Why it matters: Two senators have asked Facebook to explain the need to track users' location at all times, and were met with an unsurprising response - to serve you relevant ads. The company prefers if you give its apps access to Location Services, but it does have other ways of tracking your location even without your permission.
By now it's no secret that companies like Facebook and Google are doing their best to track your location as precisely as they can, since their business model and the utility of their services both depend on it to a great extent.
In the case of Facebook, every now and then it decides to come up with a new explanation on why it needs to use your location, even if you deny it permission to do so. Earlier this year, it was revealed that one reason for that controversial practice is the company is building a "be on the lookout" list of people who might be potential threats to its employees or its physical and online properties.
This week, the social giant has once again confirmed the obvious - it's still tracking your movements in several ways, even if you've turned off location permissions for its apps. According to a letter sent to two US senators and published by The Hill, the company doesn't need direct access to Location Services to get a good idea about where you are, where you are going, and when.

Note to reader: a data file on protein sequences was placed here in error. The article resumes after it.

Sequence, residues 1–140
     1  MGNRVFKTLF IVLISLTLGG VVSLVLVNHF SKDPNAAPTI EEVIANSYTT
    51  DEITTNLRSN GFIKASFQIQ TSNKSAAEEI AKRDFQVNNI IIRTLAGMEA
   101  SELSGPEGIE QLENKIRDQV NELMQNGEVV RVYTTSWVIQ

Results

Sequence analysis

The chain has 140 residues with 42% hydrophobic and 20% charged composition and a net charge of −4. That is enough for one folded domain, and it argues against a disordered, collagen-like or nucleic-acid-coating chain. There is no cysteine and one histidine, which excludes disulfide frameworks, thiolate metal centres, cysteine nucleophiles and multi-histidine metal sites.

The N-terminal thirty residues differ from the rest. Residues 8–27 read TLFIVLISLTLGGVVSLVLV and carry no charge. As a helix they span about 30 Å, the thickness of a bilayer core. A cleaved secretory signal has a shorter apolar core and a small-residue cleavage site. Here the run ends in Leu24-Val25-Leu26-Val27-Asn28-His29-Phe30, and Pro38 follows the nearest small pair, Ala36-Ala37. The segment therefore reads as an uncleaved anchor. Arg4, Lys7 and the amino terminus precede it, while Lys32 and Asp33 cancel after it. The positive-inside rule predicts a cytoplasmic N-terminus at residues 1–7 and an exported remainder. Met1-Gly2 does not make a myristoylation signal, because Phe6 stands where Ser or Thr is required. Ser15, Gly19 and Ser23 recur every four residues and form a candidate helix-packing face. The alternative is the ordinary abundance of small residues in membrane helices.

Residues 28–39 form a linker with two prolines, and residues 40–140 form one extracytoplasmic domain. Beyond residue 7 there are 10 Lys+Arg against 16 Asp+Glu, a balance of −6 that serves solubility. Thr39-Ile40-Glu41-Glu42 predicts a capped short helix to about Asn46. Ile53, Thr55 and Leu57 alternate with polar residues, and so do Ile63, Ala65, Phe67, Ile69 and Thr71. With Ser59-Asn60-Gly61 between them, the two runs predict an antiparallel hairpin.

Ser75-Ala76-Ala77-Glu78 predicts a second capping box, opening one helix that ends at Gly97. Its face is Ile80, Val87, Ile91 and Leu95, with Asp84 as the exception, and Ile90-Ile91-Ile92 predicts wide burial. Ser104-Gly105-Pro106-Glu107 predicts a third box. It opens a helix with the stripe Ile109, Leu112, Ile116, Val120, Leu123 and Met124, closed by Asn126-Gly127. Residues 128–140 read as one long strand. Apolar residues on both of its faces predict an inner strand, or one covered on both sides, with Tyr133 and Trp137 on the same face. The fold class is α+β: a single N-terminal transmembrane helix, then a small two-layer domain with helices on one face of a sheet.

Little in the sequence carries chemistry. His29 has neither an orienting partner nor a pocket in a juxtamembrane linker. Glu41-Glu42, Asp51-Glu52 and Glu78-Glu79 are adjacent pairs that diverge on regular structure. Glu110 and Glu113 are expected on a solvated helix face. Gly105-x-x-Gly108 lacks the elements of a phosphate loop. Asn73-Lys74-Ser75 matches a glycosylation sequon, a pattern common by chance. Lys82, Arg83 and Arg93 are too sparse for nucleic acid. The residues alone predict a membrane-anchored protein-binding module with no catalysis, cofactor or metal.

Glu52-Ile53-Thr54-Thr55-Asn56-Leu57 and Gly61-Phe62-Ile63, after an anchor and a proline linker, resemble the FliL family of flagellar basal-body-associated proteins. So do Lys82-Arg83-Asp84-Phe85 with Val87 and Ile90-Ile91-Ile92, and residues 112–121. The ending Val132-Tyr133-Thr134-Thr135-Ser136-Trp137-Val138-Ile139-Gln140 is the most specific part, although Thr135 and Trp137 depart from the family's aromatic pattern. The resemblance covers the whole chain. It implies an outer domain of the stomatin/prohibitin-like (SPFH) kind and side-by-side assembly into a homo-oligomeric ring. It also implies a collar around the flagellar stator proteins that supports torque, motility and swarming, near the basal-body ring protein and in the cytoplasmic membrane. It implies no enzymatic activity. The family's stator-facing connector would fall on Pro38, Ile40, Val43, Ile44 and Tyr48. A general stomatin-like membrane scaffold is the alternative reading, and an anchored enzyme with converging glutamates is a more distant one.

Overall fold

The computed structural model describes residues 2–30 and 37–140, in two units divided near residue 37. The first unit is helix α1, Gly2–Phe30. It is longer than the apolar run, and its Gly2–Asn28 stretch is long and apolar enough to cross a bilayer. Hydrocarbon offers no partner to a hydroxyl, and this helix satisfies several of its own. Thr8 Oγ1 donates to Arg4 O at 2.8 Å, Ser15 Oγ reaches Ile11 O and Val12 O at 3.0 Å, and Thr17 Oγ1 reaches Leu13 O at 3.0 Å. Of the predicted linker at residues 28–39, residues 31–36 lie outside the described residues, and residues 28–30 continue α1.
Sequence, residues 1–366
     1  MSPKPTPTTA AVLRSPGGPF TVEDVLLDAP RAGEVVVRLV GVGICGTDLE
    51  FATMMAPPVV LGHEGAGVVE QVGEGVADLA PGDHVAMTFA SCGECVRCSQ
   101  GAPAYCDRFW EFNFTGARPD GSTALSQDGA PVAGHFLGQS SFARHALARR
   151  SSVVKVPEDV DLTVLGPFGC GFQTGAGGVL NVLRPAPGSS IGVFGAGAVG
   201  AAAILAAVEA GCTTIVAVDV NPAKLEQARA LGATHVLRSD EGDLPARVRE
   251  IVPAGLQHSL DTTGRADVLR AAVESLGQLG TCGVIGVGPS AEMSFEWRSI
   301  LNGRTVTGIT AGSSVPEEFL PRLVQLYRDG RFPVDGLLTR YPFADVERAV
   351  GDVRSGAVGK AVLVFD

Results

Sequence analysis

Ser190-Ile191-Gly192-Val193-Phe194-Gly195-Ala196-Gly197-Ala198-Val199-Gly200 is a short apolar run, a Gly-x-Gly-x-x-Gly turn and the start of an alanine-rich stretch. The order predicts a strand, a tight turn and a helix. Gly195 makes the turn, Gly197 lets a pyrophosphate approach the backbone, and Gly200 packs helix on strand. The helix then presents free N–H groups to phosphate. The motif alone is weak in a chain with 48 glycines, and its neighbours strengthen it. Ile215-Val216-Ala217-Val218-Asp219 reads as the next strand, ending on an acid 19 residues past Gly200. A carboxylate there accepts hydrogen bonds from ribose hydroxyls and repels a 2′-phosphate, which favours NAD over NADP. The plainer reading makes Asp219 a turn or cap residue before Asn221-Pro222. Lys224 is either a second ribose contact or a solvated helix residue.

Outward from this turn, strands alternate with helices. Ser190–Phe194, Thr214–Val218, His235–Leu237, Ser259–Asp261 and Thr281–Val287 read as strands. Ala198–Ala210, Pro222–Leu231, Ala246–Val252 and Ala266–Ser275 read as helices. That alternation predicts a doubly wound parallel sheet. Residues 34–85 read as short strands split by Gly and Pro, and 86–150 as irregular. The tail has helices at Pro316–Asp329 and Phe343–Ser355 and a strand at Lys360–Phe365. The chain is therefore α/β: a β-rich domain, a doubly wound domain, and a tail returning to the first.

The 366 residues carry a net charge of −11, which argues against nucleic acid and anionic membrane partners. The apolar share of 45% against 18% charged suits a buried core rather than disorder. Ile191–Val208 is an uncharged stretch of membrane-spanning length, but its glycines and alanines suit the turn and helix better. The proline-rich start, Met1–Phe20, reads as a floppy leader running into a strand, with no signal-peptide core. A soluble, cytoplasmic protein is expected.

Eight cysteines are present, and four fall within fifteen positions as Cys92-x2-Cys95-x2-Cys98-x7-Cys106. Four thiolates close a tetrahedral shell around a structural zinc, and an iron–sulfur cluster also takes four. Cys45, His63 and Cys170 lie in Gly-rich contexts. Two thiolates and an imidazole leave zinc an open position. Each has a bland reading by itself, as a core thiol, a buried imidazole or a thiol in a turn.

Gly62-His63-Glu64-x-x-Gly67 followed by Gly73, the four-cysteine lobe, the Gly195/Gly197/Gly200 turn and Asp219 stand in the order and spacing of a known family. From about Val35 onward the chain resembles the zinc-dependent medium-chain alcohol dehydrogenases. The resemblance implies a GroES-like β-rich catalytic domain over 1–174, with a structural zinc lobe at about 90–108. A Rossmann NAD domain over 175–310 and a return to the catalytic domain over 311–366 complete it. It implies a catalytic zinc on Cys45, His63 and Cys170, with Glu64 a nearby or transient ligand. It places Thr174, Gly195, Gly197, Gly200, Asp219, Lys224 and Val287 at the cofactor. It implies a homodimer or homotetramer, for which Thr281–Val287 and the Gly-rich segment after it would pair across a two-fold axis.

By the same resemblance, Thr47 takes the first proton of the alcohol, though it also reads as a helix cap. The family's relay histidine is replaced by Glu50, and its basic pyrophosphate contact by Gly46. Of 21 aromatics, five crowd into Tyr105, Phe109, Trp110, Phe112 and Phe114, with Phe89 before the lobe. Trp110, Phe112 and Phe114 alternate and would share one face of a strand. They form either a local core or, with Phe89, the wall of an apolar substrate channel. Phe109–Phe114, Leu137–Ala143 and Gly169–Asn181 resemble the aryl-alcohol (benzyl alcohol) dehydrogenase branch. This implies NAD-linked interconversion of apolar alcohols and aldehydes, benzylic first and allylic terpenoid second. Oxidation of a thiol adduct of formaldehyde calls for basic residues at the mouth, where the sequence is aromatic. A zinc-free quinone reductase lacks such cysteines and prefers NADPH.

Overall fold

Specifically, Facebook will look at the information you and your friends may provide through your normal activity on the platform. For example, the company can discern your location using geo-tagged content posted on the platform - pictures, check-ins at a restaurant or store, interest shown in an event, and an address provided while using Facebook Marketplace to buy or sell things.
Then there's the less accurate but still adequate monitoring of your IP address, which still gives Facebook a rough idea about which ads and sponsored posts to serve you based on your general location. Deputy chief privacy officer Rob Sherman explains that it helps the company tune its advertising so that it's as relevant as possible for you, the user.
Christopher Coons and Josh Hawley, the two senators that asked Facebook about its location tracking practices, have criticized the company on Twitter for not allowing users to opt out. And just like Apple CEO Tim Cook, they called for tougher privacy regulation.
With the release of the privacy-focused iOS 13, the location tracking usage is reported in great detail to users, prompting Facebook to be more transparent about its practices. However, it said at the time that users are in control over when and how Facebook uses their location info, which seems to apply only to their "precise location."
That said, the company deserves some credit for its candid response. Senator Coons noted "I appreciate Facebook’s attempts to inform users about their privacy choices. However, I am concerned that these efforts are insufficient and even misleading in light of how Facebook is actually treating user data."
In the meantime, if you're a Facebook user and can't do without your account, there are a couple of things you can do to "opt out" of as much location tracking as possible. One solution may be to use one of the VPNs that's been verified to keep no logs and fool the social giant into thinking you're somewhere else. A second solution is to tweak your Facebook privacy settings and ask your friends not to tag you in any of their posts.